Since the New York Times recently listed Oakland as number 5 on their list of 45 places to go in 2012, we thought we’d highlight art to see in the town across the Bay.
Friday 2/3, 6-9 pm Oakland Art Murmur First Friday Telegraph between 22 – 25th Street: Every First Friday of the month about 20 galleries located within a few blocks of each other in Oakland’s Uptown neighborhood stay open late. The galleries overflow with people onto the Street to watch performers, and to eat from the many food carts that also set up in the area. Less crowded is the Saturday Stroll when the same galleries are also open every Saturday from 1-5pm and often have the artists present to speak about the work or offer tours of the exhibits.
Friday 2/3, 7-11pm, The Great Wall film screenings, West Grand Avenue between Broadway and Valley Street: Every First Friday during the Oakland Art Murmur, the Great Wall of Oakland, a 100′ x 100′ projection installation illuminates the Uptown District with cutting-edge motion art from around the world. For February the theme is All About Love.
Great Wall of Oakland source: Alva Films
Friday 2/8 & 2/25, 7:00 pm Mills College Art Museum Lecture Series, Danforth Lecture Hall, 5000 MacArthur Blvd.: Los Angeles based artist Jennifer Steinkamp uses computer animation and new media to create projection installations that explore architectural space, motion and phenomenological perception. On February 8th she will give a lecture about her work. Then on Thursday 2/25, Apsara Diquinzio, assistant curator of painting and sculpture at SFMOMA will be featured in the Mills College Art Museum lecture series.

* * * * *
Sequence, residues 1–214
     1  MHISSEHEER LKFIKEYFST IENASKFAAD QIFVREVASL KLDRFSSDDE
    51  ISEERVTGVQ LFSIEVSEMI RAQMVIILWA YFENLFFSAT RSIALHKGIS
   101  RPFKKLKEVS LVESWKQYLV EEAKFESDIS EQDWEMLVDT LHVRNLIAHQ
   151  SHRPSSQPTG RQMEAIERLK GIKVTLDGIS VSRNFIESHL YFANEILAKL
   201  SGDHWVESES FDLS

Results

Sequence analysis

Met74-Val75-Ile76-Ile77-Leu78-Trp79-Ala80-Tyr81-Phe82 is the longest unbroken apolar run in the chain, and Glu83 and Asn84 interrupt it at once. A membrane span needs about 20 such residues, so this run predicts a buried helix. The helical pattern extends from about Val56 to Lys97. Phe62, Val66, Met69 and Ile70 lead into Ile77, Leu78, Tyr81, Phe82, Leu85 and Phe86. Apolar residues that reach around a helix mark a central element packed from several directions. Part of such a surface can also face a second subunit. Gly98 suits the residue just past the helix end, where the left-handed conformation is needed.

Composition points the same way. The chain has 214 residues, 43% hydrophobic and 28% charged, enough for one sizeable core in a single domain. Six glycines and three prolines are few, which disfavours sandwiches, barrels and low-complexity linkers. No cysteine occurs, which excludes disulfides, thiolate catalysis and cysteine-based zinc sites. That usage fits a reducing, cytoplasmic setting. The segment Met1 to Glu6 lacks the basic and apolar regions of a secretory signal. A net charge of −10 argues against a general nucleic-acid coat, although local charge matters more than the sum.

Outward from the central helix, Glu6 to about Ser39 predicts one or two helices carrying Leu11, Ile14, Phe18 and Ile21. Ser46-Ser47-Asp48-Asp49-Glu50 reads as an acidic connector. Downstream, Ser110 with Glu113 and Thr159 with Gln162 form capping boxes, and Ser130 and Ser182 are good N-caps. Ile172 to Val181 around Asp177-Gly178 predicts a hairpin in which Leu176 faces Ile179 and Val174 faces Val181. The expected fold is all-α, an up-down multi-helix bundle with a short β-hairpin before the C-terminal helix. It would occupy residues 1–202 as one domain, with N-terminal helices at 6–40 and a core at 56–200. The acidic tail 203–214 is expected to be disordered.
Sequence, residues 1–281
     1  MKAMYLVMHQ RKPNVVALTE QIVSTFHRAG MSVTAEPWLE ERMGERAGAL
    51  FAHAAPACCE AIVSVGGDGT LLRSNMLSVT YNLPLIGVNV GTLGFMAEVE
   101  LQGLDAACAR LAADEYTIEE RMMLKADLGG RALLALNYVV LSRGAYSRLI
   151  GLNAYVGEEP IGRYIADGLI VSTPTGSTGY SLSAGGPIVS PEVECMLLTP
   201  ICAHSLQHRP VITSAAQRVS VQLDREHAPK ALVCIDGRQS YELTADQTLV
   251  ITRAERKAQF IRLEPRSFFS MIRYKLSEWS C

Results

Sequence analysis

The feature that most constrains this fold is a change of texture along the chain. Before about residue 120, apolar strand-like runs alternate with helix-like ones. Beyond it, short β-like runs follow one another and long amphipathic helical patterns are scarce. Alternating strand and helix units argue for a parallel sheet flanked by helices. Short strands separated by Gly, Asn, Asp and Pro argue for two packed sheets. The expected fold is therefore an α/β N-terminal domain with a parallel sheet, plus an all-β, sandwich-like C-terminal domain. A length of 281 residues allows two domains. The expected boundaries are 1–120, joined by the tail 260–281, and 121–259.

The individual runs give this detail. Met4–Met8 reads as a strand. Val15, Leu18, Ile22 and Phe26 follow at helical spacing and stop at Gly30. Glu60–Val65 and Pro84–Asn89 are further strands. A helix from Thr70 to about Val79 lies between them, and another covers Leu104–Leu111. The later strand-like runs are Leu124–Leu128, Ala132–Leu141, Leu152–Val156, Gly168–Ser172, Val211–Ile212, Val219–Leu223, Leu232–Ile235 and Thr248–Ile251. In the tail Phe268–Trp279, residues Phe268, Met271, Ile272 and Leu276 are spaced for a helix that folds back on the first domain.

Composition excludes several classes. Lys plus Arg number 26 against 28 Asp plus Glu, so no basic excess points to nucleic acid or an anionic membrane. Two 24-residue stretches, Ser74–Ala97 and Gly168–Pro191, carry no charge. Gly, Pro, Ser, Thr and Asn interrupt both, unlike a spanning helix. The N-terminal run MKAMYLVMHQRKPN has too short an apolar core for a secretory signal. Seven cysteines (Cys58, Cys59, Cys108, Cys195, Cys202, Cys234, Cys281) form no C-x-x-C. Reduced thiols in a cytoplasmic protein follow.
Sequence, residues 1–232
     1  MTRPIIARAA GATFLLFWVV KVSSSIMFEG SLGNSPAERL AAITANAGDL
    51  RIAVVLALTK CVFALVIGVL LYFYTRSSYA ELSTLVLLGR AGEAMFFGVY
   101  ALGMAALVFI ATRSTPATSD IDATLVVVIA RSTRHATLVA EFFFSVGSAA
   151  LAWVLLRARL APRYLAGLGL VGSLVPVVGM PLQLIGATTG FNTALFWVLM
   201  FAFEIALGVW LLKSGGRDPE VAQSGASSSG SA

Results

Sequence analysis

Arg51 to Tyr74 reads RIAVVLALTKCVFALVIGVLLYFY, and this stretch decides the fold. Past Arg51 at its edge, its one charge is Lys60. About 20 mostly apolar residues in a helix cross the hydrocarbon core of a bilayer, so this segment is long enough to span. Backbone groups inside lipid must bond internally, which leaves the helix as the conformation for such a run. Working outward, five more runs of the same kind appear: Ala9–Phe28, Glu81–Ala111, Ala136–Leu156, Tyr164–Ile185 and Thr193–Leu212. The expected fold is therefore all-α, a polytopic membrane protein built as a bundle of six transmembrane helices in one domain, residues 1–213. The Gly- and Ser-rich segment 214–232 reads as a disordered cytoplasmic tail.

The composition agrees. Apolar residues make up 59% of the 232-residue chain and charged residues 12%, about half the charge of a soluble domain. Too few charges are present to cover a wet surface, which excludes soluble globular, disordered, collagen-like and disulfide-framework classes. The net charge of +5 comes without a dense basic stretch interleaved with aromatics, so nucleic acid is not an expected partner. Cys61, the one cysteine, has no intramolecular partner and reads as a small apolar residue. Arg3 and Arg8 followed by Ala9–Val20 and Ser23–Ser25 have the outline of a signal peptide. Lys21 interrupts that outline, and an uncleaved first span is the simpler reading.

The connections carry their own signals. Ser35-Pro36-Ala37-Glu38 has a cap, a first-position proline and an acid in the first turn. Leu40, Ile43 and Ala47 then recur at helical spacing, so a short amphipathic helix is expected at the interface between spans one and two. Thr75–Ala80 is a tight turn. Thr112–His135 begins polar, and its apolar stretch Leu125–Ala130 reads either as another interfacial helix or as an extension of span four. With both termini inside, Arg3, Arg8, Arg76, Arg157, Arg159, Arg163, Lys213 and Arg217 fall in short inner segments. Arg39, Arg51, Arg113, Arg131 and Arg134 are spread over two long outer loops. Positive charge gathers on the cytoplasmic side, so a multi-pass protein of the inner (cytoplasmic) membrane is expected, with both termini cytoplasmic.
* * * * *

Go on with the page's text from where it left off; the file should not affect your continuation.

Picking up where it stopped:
Jennifer Steinkamp, Madame Curie, 2011 installation at the San Diego Museum of Contemporary Art.
Ongoing to July 8th, Oakland Museum of California, 1000 Oak Street, Question Bridge: Black Males: This innovative video installation was created by artists Hank Willis Thomas and Chris Johnson in collaboration with Bayete Ross Smith and Kamal Sinclair after traveling around the country interviewing 150 Black men in eleven cities. They created 1,500 videos of conversations with men representing a range of geographic, generational, economic and educational levels. Then wove the conversations together to simulate a stream-of-consciousness dialogue, allowing important themes and issues to emerge, including family, love, interracial relationships, community, education, violence and the past, present and future of Black men in American society.